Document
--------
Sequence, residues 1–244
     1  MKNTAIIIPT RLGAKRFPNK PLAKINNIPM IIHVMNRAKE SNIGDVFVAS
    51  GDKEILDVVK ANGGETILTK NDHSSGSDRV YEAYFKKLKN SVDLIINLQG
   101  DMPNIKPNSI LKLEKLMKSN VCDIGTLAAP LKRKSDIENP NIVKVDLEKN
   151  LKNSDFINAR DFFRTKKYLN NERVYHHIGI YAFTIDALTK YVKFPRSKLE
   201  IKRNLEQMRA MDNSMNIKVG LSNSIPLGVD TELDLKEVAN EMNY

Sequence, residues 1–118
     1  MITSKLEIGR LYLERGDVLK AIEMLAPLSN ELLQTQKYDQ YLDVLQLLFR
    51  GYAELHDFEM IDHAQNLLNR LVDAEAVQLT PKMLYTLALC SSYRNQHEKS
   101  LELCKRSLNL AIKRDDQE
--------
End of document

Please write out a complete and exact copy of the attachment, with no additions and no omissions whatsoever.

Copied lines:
Sequence, residues 1–244
     1  MKNTAIIIPT RLGAKRFPNK PLAKINNIPM IIHVMNRAKE SNIGDVFVAS
    51  GDKEILDVVK ANGGETILTK NDHSSGSDRV YEAYFKKLKN SVDLIINLQG
   101  DMPNIKPNSI LKLEKLMKSN VCDIGTLAAP LKRKSDIENP NIVKVDLEKN
   151  LKNSDFINAR DFFRTKKYLN NERVYHHIGI YAFTIDALTK YVKFPRSKLE
   201  IKRNLEQMRA MDNSMNIKVG LSNSIPLGVD TELDLKEVAN EMNY

Sequence, residues 1–118
     1  MITSKLEIGR LYLERGDVLK AIEMLAPLSN ELLQTQKYDQ YLDVLQLLFR
    51  GYAELHDFEM IDHAQNLLNR LVDAEAVQLT PKMLYTLALC SSYRNQHEKS
   101  LELCKRSLNL AIKRDDQE